Publication: CPIA Africa, September 2023: Policies for Economic Resilience in a Turbulent World
The Country Policy and Institutional Assessment (CPIA) for Africa is an annual diagnostic tool for Sub-Saharan African countries that are eligible for financing from the International Development Association (IDA), the part of the World Bank that helps the world’s poorest countries. The CPIA Africa 2023 report provides an assessment of the quality of policies and institutions in all 39 IDA-eligible countries in Sub-Saharan Africa for calendar year 2022. The average overall CPIA score for Sub-Saharan Africa remained unchanged at 3.1 in 2022. Economic and social resilience continues to be tested in all countries in Sub-Saharan Africa amid tight global credit markets, as institutional capacity for restoring stability and delivering sustained growth remains a challenge. Such resilience is also fundamental to responding to global climate change and the expected market shifts as the world economy transitions to green energy. The recovery of economic activity in the region following the slowdown caused by COVID-19 has been multispeed, with wide variation across countries. Global events that diverted attention away from longer-term development priorities marked 2022. Inflation was the predominant form in which international pressures translated to domestic economies in Sub-Saharan Africa, resulting in stress on social policies and government budgets, on account of divergent responses by governments and private sector competition. In some countries, this has led to significant stress on debt sustainability, highlighting the importance of debt management, budgetary oversight, and financial soundness. An opportunity for regrouping on policy reforms arose in the second half of 2022, as gas prices declined after a mild European winter and China lifted health-related restrictions. Despite global economic challenges, more countries in Sub-Saharan Africa saw improvements in their overall CPIA scores compared to the previous year. In Western and Central Africa (AFW), the overall score increased for eight countries—Benin, Cabo Verde, Côte d’Ivoire, The Gambia, Guinea, Guinea-Bissau, the Republic of Congo, and Togo. The overall score increased for four countries in Eastern and Southern Africa (AFE)—Burundi, the Democratic Republic of Congo, Mozambique, and Zambia. In contrast, the overall score decreased for eight countries—Chad, the Comoros, Eritrea, Ethiopia, Ghana, Malawi, São Tomé and Príncipe, and Sudan. The countries with improved scores made notable advancements in the economic management, policies for social inclusion, and governance clusters. Conversely, the countries with declining scores faced economic management and governance challenges. For the most part, the countries that received downgrades were positioned toward the lower end of the scale, while the upgraded countries generally had overall scores above 3, indicating a growing divergence in scores across the region in 2022.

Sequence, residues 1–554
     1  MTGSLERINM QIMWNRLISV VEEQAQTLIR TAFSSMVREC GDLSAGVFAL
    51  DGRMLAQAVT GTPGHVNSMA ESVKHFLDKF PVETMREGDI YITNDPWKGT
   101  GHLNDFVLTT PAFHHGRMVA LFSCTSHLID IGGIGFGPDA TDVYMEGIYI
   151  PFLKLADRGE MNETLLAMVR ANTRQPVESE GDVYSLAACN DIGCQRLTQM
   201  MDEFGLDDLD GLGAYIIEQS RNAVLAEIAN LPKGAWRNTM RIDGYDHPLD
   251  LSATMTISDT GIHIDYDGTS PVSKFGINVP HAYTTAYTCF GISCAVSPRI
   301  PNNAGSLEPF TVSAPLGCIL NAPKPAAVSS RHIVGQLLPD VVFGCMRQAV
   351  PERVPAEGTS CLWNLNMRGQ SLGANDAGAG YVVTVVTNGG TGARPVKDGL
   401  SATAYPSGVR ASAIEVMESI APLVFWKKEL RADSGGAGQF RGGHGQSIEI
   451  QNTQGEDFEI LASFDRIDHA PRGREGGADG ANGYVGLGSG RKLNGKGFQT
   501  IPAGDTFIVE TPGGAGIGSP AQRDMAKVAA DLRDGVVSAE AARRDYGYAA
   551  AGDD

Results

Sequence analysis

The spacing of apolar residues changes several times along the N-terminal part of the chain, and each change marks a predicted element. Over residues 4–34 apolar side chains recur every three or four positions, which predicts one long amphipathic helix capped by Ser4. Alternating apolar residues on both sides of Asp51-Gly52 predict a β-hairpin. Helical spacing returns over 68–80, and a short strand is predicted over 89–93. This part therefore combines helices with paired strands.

Link to Data Set
“World Bank. 2023. CPIA Africa, September 2023: Policies for Economic Resilience in a Turbulent World. © Washington, DC: World Bank. http://hdl.handle.net/10986/40331 License: CC BY-NC 3.0 IGO.”